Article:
sir,how could this be solved,
there are 10 pairs of socks,in a cupboard from which 4 individual socks are picked at random.the probablity that there is at least one pair is.

The sample space would be 20C4. The number of ways of picking 4 socks with no matching pair would be 20 x 18 x 16 x 14 / 4!. Find the probability accordingly. Then, the probability of at least one pair is 1 – the above.

It can be looked at as the same logic as integration – area under the curve. At 5:00 the probability is 1/6, at 5:10 it is 1/3 and in between it increases linearly. So the average probability at any time in that interval will be just the average of the two extremes. Had it not been a linear increase then it would have been a different (and more complicated) story.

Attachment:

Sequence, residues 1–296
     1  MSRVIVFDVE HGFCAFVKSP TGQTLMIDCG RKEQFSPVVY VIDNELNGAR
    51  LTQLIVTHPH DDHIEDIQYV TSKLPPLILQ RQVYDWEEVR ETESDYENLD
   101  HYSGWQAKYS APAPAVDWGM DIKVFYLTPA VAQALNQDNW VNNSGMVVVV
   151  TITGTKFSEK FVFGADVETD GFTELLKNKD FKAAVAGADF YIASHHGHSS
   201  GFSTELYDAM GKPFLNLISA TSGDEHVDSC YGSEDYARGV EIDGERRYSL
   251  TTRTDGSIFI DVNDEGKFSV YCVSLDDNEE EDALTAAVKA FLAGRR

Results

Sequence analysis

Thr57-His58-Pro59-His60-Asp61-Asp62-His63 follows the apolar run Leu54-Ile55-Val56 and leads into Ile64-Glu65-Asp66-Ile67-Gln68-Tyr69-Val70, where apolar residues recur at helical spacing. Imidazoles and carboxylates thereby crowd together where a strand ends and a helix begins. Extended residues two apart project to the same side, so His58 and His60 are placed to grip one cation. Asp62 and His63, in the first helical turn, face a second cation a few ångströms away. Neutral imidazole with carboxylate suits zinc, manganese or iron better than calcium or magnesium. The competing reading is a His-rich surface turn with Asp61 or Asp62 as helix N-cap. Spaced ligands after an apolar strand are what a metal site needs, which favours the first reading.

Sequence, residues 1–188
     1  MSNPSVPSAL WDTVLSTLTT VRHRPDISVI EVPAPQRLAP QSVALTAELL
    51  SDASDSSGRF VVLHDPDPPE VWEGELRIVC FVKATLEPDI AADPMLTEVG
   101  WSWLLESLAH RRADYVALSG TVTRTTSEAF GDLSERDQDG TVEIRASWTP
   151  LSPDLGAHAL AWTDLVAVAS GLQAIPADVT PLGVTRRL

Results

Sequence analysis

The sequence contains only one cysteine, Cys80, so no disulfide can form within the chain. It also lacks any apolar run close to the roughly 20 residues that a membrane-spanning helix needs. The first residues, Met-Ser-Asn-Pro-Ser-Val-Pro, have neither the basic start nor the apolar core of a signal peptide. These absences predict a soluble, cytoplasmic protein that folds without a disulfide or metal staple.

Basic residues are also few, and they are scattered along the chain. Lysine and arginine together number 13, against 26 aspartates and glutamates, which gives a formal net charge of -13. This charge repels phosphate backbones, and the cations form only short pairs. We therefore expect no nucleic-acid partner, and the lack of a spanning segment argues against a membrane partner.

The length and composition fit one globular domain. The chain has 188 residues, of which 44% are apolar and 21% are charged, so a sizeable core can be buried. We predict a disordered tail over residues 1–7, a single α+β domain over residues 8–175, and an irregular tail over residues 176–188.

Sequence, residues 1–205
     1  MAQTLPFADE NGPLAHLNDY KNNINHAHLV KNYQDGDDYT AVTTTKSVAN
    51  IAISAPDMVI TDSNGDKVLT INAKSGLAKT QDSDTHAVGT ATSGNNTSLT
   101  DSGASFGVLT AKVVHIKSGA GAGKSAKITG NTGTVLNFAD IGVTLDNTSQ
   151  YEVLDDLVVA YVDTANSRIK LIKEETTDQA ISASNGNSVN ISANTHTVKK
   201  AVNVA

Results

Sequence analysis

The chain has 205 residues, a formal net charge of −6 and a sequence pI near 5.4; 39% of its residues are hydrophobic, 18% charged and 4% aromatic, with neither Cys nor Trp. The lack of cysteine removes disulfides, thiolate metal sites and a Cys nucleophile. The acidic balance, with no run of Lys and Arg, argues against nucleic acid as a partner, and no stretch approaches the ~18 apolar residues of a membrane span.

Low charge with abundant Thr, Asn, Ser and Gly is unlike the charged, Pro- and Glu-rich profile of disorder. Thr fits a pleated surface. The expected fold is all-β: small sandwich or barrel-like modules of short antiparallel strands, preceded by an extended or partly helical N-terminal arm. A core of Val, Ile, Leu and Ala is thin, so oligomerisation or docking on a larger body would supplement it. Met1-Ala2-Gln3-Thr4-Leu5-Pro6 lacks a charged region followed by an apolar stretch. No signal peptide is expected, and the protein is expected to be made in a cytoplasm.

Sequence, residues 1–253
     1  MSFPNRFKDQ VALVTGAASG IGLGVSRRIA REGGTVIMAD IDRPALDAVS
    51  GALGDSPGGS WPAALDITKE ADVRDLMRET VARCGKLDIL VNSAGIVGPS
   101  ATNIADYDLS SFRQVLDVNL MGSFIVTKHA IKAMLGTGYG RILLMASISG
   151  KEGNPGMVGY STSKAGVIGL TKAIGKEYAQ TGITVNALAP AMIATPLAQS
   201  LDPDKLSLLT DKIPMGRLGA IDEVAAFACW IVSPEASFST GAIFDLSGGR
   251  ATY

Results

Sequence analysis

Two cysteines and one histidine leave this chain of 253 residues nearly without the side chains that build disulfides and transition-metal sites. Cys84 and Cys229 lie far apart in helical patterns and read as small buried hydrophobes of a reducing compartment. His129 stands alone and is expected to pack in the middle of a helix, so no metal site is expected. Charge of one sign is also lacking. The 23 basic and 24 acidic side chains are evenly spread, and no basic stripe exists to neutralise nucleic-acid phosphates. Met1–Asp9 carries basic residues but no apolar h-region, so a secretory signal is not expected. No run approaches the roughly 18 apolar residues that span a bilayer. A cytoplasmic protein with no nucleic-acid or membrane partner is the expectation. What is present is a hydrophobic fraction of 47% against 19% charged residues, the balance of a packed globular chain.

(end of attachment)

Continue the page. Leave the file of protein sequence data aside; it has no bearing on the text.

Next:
sir,how could this be solved,

there are 10 pairs of socks,in a cupboard from which 4 individual socks are picked at random.the probablity that there is at least one pair is.

The sample space would be 20C4. The number of ways of picking 4 socks with no matching pair would be 20 x 18 x 16 x 14 / 4!. Find the probability accordingly. Then, the probability of at least one pair is 1 – the above.

regards

J

Why do we take average of both the probabilities to calculate probability of first and the last interval?

It can be looked at as the same logic as integration – area under the curve. At 5:00 the probability is 1/6, at 5:10 it is 1/3 and in between it increases linearly. So the average probability at any time in that interval will be just the average of the two extremes. Had it not been a linear increase then it would have been a different (and more complicated) story.

regards

J

Got it..thanks!!